Supreme Court Case (4th Amendment)

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Alexis Crump
Landmark Supreme Court Case: Washington V. Chrisman
11/29/9

Plaintiff: State of Washington

Defendant: Chrisman

Plaintiff’s Claim: The drugs that were collected in Chrisman’s dormitory

room was legally obtained and could be used as evidence.

Chief Lawyer for the Plaintiff: Ronald R Carpenter

Chief Lawyer for the Defendant: Robert F Patrick

Judges in Favor of the Court: Harry A. Blackmun, Sandra Day O’Connor,

Lewis F. Powell, Jr., William H. Rehnquist and John Paul Stevens

Judges in Favor of the Defendant: William J Brennan, Jr., Thurgood

Marshall and Byron R. White

Place: Washington D.C

Date of Verdict: Janurary 13, 1982

Verdict:
-It’s verdict did overthrow the verdict of the Washington Court of Appeals

-The warrantless search of Chrisman’s dorm didn’t violate his Fourth

Amendment right

-Evidence collected at the scene was legally able to be used in the court

Significance:

- It’s an example of the court’s willingness to interpert the Fourth

Amendment involving drug use or exchange

-The court interpreted the plain view rule, for the offer it is a risk but after

the case it frees them from “reviewing courts” on the search and/or seizure

Call for Action:

- In the 1970’s-1980’s drug exchange and use rose to higher levels

-Common drug use with the youth by the late 1970’s

- Public opinion demanded some action be taken by the authorities to curb

the illegal drug trade

-Pressure was sent to the Supreme Court to interpret the Fourth Amendment

to help support officers when investigating drug cases

A Bad Time for a Party:

-ON January 1, 1978 Carl Overdahl was caught with liquor in plain view

leaving his dorm room at Washington University

- WSU didn’t allow the possession of alcohol on campus

-Officer Daugherty, the WSU police department officer, asked for

Overdahl’s identification immediately as he saw the liquor

-Overdahl said he had to retrieve it from his dorm and Daugherty gave him

permission but he had to go with him

-The two men went to the room while Daugherty waited in the door way and Chrisman, the defendant, was in the room as well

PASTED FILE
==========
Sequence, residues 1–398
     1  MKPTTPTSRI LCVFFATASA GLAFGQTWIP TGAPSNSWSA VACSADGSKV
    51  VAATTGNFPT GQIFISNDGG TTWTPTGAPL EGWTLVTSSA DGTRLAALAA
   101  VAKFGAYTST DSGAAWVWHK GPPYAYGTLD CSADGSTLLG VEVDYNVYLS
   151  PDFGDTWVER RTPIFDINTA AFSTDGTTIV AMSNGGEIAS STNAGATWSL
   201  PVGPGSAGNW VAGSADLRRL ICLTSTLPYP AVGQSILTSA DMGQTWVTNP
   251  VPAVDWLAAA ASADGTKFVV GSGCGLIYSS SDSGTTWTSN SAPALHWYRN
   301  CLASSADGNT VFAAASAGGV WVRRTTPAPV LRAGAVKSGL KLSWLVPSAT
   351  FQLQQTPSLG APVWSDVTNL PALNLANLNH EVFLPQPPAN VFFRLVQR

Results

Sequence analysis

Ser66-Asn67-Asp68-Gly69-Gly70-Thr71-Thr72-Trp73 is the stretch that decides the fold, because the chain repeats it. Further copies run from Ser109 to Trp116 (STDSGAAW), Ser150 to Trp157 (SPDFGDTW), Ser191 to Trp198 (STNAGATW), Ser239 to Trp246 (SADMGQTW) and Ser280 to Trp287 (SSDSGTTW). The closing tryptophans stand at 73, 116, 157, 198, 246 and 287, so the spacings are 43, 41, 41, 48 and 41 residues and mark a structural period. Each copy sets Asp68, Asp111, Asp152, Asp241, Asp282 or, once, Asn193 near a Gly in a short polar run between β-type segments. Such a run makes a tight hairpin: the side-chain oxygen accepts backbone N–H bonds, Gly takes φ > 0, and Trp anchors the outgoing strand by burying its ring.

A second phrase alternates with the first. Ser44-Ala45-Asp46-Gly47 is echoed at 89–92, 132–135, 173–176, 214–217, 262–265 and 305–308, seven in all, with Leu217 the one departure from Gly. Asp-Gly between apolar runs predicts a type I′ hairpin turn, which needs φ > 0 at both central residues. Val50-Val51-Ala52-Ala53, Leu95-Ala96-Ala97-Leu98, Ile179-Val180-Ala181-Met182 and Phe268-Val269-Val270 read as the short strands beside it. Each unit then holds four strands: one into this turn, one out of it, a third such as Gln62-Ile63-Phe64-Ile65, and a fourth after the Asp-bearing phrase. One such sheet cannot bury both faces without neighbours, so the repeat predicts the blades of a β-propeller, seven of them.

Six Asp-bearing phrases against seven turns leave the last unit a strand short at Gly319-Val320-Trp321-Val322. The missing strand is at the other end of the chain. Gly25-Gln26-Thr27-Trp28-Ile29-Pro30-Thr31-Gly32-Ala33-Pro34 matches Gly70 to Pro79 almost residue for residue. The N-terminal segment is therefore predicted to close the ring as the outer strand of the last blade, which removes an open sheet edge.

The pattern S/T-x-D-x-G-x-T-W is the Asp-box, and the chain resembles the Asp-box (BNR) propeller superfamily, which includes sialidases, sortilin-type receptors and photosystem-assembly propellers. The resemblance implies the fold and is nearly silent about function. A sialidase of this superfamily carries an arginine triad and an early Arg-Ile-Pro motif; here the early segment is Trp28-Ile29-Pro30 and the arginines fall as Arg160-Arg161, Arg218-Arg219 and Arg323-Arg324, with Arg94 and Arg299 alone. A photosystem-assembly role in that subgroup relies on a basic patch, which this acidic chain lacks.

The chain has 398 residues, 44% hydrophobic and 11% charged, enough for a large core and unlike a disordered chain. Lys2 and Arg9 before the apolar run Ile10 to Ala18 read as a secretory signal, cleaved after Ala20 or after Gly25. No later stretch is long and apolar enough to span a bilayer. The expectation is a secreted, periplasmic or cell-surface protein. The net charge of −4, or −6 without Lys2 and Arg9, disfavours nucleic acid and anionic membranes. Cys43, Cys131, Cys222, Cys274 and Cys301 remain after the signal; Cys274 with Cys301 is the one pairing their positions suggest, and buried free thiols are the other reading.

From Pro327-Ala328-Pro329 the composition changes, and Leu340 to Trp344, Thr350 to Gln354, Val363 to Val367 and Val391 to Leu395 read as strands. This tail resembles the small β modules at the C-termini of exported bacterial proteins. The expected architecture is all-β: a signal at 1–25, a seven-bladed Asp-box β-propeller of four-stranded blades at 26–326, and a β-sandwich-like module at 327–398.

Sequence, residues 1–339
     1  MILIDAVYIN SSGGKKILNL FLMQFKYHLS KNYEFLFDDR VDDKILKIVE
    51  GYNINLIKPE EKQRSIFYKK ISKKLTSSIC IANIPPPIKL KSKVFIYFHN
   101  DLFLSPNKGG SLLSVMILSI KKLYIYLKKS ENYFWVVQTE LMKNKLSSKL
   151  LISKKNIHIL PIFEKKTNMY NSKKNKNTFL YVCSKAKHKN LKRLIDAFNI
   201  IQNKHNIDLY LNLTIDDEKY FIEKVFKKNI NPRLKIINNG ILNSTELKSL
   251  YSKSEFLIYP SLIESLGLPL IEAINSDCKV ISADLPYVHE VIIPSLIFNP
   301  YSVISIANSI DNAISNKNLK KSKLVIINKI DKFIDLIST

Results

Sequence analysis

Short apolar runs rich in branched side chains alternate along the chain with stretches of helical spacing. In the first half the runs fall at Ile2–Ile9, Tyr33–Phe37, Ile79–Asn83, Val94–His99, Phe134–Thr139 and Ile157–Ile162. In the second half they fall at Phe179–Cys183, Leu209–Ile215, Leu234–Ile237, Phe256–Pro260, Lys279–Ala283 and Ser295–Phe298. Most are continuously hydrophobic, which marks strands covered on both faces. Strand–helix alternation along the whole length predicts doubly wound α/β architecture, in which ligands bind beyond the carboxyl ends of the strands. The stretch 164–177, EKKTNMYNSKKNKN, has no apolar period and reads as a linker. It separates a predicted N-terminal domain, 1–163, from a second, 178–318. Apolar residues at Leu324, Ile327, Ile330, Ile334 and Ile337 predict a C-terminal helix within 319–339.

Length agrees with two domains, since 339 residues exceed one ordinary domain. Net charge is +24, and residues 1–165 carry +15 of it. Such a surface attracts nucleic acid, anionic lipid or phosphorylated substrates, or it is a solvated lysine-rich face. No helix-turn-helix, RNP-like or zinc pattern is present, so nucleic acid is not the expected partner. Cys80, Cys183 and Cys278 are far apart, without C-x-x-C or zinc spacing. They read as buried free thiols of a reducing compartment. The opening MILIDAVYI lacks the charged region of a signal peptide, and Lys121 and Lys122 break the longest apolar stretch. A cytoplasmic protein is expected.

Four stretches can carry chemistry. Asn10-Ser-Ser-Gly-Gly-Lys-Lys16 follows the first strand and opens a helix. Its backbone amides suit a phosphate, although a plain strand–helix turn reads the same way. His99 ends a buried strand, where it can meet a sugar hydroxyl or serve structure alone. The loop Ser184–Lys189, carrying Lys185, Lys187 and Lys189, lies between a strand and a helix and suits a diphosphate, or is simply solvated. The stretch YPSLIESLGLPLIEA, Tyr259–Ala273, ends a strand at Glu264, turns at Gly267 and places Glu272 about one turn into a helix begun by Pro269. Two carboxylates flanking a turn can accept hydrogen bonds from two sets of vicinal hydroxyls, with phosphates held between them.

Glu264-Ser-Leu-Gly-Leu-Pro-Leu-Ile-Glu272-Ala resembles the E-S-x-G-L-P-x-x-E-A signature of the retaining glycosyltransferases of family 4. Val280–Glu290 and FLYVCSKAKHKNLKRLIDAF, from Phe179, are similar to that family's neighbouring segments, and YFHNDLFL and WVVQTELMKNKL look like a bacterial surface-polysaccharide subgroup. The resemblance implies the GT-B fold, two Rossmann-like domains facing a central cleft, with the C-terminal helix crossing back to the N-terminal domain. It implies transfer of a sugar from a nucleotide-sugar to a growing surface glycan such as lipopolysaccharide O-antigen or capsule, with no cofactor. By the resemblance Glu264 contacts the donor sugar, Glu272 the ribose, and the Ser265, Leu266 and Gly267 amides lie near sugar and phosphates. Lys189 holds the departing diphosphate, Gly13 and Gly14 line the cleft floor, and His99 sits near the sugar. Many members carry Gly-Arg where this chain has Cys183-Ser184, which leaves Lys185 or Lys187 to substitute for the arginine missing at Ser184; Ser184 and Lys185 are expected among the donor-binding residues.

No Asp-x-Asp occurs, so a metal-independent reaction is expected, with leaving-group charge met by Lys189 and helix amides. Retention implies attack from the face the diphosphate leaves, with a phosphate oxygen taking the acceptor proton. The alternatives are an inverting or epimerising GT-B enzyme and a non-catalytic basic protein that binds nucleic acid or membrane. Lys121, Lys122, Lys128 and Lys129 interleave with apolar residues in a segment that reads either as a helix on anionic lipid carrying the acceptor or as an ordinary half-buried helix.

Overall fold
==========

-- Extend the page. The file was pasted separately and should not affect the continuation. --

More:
-While Daugherty waited he glanced around the room and spotted marijuana

seeds and a pipe in plain view and he stepped inside the room to make sure

-Daugherty was sure he found the drugs and got consent from both

Overdahl and Chrisman to search the room where he found three bags of

marijuana, $112 and LSD, another drug

Legal Proceedings:

-Chrisman was charged for the possesion of illegal drugs

-Chrisman entered a pretrial motion to supress the evidence obtained by

Daugherty’s warrantless search

-Since Daugherty had no reason to believe that Overdahl would try to

destroy the evidence while searching his identification, so Daughtery’s

entering the room violated Chrisman’s Fourth Amendment right

-This motion was denied and Chrisman was convicted on both counts

-Chrisman appealed to the Washington Court of Appeals which confirmed

his previous conviction

-Upon further appeal to the Washington supreme Court Chrisman won his

Case

-Daugherty spotting the marijuana seeds represented an unreasonable search

and was illegally inadmissible
-Given his implications of this case for future law enforcement action

against the trade in illegal drugs the Supreme Court took this on and

arguments on November 3, 1981

Plain View Rule:

-On January 13,1982 the Supreme Court reversed the verdict of the

Washington Supreme Court

-The Federal Supreme Court found Daugherty’s search reasonable and the

evidence collected was legally used

-Daugherty’s legal finding of the seeds and pipe were supported under the

plain view rule

-Both of Daugherty’s searches didn’t violate Chrisman or Overdahl’s Fourth

Amendment right along with the permission to search the room

Impact:
-It’s an early...
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